Originally written for Exeunt

Every now and again you come across a show that feels like a hug, and Flabbergast Theatre’s Tatterdemalion is precisely the antidote to having to leave the house on a cold January Sunday evening. Born from the minds of the Boris & Sergey team, it’s a series of unconnected sketches mashing puppetry, comedy and a hint of magic, all circling a single performer (Henry Maynard) and his mysterious trunk. Utilising the playfulness and willingness of the audience from the outset, it courts a sense of gentle unpredictability – one man called on stage to help Maynard comically fail to put on his own shoes winds up married and rocking an invisible baby awkwardly in his arms.

It is precisely this warmth and readiness of the audience to roll with the punches that makes Tatterdemalion so lovely – probably equally attributable to Maynard’s skill in putting people at ease and the benefit of having other artists in the house. Audience interaction when some of those present are actors and you are encouraging a level of independent thought does lead to a generous spontaneity of sorts; indeed, sometimes people need reigning in a little when they start going around resurrecting the dead. For the less adventurous, it’s exactly the sort of show where you may find out that you were simply born to be a horse, or make car noises, or officiate at weddings.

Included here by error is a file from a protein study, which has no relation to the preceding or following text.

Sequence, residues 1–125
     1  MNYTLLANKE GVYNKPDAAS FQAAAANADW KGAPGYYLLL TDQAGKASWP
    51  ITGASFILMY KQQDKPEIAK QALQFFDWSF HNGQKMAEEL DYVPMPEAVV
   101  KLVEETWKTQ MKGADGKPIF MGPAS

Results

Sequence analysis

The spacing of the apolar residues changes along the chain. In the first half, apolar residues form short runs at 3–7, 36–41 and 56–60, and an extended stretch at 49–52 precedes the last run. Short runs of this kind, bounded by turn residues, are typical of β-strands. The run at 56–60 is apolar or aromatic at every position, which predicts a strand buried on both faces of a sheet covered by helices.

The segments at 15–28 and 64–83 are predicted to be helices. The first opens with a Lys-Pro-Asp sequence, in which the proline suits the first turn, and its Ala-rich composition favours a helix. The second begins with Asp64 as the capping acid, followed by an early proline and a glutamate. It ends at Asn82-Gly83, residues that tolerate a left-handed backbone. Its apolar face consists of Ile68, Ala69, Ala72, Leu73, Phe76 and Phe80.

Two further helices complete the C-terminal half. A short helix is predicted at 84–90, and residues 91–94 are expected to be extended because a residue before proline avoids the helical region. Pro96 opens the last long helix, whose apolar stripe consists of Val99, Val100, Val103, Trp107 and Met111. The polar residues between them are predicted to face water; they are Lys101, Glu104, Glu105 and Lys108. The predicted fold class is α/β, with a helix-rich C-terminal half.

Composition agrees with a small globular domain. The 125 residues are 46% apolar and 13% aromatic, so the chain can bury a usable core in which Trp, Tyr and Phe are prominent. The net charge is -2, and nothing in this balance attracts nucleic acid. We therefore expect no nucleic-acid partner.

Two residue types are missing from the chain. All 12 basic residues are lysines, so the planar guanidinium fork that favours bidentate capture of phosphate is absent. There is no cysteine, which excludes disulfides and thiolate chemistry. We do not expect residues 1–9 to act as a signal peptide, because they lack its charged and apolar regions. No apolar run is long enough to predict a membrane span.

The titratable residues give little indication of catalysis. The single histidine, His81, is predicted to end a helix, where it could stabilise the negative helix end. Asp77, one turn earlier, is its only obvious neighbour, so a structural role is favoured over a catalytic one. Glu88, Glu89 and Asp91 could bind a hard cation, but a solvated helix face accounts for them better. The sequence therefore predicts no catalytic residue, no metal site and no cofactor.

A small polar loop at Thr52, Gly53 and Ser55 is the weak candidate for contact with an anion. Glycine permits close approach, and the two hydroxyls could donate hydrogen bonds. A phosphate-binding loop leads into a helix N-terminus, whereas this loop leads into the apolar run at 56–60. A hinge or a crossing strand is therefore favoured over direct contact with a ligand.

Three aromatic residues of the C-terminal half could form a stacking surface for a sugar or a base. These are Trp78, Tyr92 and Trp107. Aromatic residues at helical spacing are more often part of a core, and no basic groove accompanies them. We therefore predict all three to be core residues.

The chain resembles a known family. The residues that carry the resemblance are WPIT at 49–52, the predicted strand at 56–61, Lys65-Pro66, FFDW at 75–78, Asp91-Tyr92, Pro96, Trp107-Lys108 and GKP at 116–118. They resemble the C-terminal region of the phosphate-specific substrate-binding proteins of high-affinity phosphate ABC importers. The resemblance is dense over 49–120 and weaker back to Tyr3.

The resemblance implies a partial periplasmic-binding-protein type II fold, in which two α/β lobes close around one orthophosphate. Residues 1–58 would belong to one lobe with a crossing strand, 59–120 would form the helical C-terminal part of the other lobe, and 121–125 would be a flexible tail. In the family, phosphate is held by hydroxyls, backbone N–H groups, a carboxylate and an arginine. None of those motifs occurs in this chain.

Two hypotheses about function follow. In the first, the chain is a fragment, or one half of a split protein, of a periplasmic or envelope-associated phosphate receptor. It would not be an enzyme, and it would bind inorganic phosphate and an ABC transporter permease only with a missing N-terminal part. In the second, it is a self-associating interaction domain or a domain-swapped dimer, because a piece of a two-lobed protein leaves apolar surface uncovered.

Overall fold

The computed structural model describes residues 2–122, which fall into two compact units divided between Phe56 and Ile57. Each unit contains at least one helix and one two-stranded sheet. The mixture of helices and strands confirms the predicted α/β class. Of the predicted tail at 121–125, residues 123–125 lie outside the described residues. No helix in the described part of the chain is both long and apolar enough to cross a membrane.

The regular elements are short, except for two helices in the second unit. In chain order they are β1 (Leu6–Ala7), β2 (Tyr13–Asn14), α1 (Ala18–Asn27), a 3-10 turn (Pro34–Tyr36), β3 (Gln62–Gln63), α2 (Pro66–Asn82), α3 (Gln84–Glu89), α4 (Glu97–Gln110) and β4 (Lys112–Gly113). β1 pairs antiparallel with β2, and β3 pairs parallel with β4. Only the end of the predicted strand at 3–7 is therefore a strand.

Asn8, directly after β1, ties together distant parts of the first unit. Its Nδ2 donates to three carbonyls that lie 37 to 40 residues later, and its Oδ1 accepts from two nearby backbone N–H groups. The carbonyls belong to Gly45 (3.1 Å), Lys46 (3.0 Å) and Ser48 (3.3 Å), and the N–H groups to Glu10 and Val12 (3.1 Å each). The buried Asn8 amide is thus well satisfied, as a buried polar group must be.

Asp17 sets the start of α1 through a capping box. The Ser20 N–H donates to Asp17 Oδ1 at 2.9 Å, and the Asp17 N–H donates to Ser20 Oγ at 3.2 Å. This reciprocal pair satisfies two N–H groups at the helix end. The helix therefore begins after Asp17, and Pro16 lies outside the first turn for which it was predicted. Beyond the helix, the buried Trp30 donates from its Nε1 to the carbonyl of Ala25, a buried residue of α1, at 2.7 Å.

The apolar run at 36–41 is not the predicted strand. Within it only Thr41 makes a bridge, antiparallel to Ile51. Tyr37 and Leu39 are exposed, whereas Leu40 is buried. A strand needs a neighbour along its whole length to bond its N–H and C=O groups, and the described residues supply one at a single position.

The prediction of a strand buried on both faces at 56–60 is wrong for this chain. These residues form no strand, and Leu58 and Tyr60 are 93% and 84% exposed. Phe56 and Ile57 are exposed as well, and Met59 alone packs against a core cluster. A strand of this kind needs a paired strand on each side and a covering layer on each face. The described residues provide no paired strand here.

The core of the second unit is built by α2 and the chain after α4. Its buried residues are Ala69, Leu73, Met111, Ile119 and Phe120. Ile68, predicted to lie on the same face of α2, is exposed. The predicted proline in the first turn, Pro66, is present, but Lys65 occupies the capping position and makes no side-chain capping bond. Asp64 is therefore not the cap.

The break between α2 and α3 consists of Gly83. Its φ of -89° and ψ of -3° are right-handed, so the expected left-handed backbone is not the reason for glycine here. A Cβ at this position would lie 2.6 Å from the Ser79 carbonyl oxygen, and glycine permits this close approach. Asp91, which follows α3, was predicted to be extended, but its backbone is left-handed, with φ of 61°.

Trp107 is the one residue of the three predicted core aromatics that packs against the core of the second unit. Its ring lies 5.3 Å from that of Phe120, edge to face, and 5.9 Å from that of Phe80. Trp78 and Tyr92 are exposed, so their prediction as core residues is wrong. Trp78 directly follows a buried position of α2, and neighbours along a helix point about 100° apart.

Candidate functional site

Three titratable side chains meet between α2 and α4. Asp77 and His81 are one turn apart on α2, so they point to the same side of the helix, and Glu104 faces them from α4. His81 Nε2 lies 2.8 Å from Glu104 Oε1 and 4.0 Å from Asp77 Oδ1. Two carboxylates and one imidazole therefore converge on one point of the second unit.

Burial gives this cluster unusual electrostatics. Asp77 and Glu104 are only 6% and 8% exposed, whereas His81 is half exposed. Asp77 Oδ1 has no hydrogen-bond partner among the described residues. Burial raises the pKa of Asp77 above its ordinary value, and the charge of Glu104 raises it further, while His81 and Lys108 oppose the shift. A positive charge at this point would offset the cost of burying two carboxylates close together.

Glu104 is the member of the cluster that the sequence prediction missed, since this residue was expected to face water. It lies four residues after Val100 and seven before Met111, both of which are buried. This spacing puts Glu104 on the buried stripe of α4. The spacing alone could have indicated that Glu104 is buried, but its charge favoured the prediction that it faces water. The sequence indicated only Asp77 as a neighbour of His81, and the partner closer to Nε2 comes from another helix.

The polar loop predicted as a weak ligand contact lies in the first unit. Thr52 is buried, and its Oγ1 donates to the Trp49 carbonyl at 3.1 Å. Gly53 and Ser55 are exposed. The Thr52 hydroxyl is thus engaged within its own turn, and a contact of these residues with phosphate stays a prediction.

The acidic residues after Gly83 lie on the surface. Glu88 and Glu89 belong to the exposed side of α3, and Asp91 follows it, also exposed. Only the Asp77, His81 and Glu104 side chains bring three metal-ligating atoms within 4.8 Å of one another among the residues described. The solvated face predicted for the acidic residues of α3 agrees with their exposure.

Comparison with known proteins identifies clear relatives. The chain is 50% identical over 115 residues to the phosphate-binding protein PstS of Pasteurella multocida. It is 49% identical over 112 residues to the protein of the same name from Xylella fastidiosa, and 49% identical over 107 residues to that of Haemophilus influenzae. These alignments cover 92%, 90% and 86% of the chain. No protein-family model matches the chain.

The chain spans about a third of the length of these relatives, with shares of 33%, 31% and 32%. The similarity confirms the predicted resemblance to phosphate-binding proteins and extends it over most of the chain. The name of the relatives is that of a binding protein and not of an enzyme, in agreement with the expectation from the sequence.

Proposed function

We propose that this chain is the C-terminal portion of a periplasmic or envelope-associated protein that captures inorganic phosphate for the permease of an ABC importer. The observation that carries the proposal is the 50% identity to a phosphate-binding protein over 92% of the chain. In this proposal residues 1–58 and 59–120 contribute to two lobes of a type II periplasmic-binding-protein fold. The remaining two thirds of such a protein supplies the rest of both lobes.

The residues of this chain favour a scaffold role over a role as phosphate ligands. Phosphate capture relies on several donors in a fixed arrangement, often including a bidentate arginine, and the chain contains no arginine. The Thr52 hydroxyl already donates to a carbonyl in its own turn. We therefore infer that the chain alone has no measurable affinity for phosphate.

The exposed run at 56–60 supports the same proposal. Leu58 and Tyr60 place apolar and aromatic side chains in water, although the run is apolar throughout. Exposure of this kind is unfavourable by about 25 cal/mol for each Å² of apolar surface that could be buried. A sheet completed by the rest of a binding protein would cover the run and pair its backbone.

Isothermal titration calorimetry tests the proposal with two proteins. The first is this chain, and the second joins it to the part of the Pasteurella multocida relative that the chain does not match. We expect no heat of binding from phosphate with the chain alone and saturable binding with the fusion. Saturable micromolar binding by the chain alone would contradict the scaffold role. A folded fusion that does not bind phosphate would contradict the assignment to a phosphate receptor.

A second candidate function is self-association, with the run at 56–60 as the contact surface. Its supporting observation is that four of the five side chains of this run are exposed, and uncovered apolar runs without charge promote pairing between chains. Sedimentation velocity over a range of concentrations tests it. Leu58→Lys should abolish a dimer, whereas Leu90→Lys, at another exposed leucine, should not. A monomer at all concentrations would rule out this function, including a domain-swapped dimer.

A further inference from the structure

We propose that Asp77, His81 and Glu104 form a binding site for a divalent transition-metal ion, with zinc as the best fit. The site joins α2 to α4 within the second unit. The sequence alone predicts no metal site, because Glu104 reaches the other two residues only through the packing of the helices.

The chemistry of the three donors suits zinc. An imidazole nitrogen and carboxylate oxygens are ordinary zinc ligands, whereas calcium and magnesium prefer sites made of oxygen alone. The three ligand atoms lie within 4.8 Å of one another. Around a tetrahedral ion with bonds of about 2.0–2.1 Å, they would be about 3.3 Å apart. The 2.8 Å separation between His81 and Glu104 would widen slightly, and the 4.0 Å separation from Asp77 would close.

Maynard’s own Mr. Bean-like antics are so endearing, so innocent, so affable, that they almost catapult you back to childhood. The games are simple; cars, animals, being embarrassed about owning a teddy bear. He sticks with the familiar and the universal. At one point, a great chunk of the audience are tugged on stage to create an imaginary tube carriage and largely left to their own devices – it’s such a joy to see those a little more uncertain about the whole business openly embrace the process, paying the conductor with shrugs and flowers. Even days later, I still hear Maynard’s “chguh chguh, chguh chguh” whenever I commute.

Darker solo sequences are interspersed, and they realise a stark sort of beauty and a fearsome loneliness, particularly as a man stands quite by himself at a reception desk all day. Waiting for someone. Anyone? Though a beautiful, bite size slice of absurdity, Tatterdemalion is also a reminder that comedy might never be too far from loneliness, and a stage always empty unless there is someone in front of it.

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